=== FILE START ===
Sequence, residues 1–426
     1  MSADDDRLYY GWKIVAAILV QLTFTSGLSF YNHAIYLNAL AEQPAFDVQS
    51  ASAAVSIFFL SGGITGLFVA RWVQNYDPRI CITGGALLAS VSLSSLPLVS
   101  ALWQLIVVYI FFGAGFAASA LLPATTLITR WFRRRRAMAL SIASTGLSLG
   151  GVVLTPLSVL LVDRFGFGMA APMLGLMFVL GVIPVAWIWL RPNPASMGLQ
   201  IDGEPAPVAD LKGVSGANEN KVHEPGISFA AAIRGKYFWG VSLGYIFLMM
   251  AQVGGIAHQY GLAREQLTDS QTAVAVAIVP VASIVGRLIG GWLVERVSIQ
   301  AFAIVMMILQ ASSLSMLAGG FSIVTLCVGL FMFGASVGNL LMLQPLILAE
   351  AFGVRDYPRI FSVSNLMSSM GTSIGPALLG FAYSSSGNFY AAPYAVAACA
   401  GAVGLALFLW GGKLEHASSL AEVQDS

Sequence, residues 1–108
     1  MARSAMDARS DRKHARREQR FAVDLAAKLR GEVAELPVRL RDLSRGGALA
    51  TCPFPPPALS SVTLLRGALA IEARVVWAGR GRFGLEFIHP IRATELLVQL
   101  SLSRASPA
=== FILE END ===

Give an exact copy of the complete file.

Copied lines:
Sequence, residues 1–426
     1  MSADDDRLYY GWKIVAAILV QLTFTSGLSF YNHAIYLNAL AEQPAFDVQS
    51  ASAAVSIFFL SGGITGLFVA RWVQNYDPRI CITGGALLAS VSLSSLPLVS
   101  ALWQLIVVYI FFGAGFAASA LLPATTLITR WFRRRRAMAL SIASTGLSLG
   151  GVVLTPLSVL LVDRFGFGMA APMLGLMFVL GVIPVAWIWL RPNPASMGLQ
   201  IDGEPAPVAD LKGVSGANEN KVHEPGISFA AAIRGKYFWG VSLGYIFLMM
   251  AQVGGIAHQY GLAREQLTDS QTAVAVAIVP VASIVGRLIG GWLVERVSIQ
   301  AFAIVMMILQ ASSLSMLAGG FSIVTLCVGL FMFGASVGNL LMLQPLILAE
   351  AFGVRDYPRI FSVSNLMSSM GTSIGPALLG FAYSSSGNFY AAPYAVAACA
   401  GAVGLALFLW GGKLEHASSL AEVQDS

Sequence, residues 1–108
     1  MARSAMDARS DRKHARREQR FAVDLAAKLR GEVAELPVRL RDLSRGGALA
    51  TCPFPPPALS SVTLLRGALA IEARVVWAGR GRFGLEFIHP IRATELLVQL
   101  SLSRASPA